Besides the overall enormous growth in total oil and gas production worldwide last year, another important data point to track is where the new gas and oil sites that were discovered last year were concentrated. According to the report, the United States had the largest number of new oil and gas projects in the world for all of 2022 and 2023. While that matches what one might expect based on its overall rank as the largest producer of both oil and gas overall, a surprising data point was that fossil-fuel-rich Guyana accounted for 40% of all new oil production field authorizations made globally in both 2023 as well as 2023, ranked by projected total output to come from those fields. Those fields may not be exploited as rapidly as originally expected now that Venezuela has laid claim to them and 2/3s of Guyana territory known as Essequibo. 

Further, prospecting for new sites is expanding geographically as overall production increases. Out of the 19 new discoveries for either oil and gas made worldwide in 2023 noted in the Global Oil and Gas Expansion Tracker report, 8 were in the Americas, with North America the site for 3 of them and Latin America for 5; 5 were in Asia; 4 in Africa; and 2 in Europe.

That geographical diversity is also contributing to a global shift in where much of the world’s new oil and gas is coming from. As the authors of the report noted, “South America and Africa are global hotspots for new oil and gas projects, while four countries that previously had little to no production — Cyprus, Guyana, Namibia, and Zimbabwe — account for over a third of the volumes producers are hoping to exploit.”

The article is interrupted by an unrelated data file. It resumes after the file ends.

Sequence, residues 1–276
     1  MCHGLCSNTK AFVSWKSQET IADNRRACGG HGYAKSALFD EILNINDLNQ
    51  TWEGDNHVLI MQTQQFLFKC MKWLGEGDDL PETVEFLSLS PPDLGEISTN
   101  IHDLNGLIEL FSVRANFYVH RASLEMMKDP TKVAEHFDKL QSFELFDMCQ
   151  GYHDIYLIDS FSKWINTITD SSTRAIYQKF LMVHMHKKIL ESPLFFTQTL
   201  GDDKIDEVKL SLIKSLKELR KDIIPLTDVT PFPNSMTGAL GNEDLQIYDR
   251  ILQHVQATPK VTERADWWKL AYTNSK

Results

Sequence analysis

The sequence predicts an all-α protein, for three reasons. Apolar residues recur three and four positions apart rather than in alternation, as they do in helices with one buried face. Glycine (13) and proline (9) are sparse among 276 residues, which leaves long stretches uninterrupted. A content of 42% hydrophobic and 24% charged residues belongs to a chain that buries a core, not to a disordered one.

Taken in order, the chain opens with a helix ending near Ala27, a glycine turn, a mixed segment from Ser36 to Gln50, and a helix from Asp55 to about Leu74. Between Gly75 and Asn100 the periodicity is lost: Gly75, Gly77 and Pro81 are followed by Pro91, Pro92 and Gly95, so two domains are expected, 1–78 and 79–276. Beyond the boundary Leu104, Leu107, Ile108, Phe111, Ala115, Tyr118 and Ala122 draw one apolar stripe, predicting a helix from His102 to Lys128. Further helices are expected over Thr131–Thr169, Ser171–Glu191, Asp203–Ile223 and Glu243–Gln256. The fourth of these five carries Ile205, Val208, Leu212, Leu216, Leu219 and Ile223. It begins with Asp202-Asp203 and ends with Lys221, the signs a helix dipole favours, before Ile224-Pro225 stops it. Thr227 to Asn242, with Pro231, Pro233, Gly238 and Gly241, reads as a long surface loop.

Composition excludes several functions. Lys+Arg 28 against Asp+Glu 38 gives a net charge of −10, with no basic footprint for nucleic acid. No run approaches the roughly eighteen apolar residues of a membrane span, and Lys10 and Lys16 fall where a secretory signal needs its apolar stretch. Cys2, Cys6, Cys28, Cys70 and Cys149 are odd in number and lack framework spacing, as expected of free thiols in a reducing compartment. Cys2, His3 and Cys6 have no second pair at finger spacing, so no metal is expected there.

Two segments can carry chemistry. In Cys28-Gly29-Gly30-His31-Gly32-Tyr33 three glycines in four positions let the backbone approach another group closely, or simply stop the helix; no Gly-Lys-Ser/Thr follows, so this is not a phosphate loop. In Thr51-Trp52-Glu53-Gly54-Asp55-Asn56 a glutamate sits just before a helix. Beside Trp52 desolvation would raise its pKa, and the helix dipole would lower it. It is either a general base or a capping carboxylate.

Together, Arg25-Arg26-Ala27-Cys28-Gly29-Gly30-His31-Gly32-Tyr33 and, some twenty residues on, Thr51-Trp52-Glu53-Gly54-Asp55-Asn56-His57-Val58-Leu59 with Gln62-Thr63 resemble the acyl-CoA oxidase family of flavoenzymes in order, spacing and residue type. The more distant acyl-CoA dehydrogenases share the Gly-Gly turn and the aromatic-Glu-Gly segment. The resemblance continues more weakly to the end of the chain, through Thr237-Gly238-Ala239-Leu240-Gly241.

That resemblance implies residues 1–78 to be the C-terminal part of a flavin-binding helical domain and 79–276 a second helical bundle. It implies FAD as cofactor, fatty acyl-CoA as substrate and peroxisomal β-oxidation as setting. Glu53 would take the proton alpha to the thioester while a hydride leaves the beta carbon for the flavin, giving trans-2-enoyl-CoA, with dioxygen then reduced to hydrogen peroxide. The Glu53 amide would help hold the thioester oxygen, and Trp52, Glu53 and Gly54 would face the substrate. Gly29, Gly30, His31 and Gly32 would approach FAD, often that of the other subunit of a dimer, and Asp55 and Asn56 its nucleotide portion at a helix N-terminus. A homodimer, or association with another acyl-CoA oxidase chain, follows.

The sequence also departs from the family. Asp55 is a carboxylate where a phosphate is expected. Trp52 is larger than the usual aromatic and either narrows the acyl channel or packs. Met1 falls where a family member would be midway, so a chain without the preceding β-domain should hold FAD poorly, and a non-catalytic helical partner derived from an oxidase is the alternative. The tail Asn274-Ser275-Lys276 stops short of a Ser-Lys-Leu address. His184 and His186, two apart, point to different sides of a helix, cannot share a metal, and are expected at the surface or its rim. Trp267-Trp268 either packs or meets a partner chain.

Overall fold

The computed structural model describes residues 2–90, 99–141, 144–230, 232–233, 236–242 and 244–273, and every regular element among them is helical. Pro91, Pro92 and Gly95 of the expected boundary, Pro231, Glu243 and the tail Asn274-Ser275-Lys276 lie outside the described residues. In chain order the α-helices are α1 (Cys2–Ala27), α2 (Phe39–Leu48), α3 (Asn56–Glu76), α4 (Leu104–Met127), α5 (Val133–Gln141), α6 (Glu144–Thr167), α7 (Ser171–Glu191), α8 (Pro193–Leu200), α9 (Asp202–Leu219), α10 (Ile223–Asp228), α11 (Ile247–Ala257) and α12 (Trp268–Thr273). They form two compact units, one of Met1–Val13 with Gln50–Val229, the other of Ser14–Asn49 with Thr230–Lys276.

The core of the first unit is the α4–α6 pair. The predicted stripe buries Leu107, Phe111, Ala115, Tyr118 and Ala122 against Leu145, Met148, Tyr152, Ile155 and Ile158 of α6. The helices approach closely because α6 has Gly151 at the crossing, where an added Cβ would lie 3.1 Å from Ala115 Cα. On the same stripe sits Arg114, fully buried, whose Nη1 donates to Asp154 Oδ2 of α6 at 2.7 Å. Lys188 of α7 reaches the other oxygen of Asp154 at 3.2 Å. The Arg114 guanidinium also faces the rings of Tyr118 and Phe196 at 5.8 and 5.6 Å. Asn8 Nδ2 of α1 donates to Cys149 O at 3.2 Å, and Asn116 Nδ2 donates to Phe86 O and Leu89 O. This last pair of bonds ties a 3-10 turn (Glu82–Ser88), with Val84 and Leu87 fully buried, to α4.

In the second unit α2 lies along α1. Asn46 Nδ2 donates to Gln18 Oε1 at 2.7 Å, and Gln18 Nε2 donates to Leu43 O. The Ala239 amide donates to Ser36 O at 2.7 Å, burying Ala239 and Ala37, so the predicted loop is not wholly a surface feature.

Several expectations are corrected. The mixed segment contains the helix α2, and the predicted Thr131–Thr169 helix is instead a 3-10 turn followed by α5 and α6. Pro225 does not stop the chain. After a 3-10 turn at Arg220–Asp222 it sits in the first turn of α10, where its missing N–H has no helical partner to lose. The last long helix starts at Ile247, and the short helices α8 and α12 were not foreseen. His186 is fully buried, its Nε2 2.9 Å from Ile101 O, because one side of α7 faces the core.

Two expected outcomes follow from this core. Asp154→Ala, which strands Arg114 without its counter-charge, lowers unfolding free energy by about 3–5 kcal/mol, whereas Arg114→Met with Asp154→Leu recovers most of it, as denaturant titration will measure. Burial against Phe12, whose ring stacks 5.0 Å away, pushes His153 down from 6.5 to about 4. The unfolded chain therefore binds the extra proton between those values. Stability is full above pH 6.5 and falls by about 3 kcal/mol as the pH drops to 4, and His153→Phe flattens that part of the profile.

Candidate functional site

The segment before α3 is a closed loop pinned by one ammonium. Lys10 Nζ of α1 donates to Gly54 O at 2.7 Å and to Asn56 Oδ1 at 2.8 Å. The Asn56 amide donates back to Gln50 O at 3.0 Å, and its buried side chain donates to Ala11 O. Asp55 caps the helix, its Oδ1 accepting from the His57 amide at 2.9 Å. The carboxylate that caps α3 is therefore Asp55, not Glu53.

While all this new oil and gas will contribute to a worldwide boom for the fossil industry, it also will produce far more fossil fuel emissions on the planet than ever before. It also seals the final “coffin” on any hopes for nations of the world to achieve anything close to greenhouse gas emissions output reductions previously agreed to as part of the Paris Accords at the UN Climate Change meetings almost a decade ago.

The rate of growth of new oil and gas production around the world also shows how futile the warnings were in another report released in early 2021 by the International Energy Agency (IEA). In that report, the IEA said a key element of any plan to meet net zero carbon emissions by 2050 required an end to fossil fuel outputs from newly discovered oil and gas fields, effective immediately. It also called for a cutback in investments in existing oil and gas fields, plus a commitment to shift to zero emissions versions of cars and trucks by 2035.

In an interview at the time, IEA Executive Director Faith Birol said that “If governments are serious about the climate crisis, there can be no new investments in oil, gas and coal, from now – from this year.”

What the new Global Energy Monitor report illustrates is that it is clear the world is filled with corrupt governments and evil corporations placing greed ahead of climate-conscious governance. The result will be the continued acceleration of the pace of global heating and all the associated disastrous by-products coming from it, including more extreme weather, rising ocean levels, lethal temperatures and mass famine from crop loss.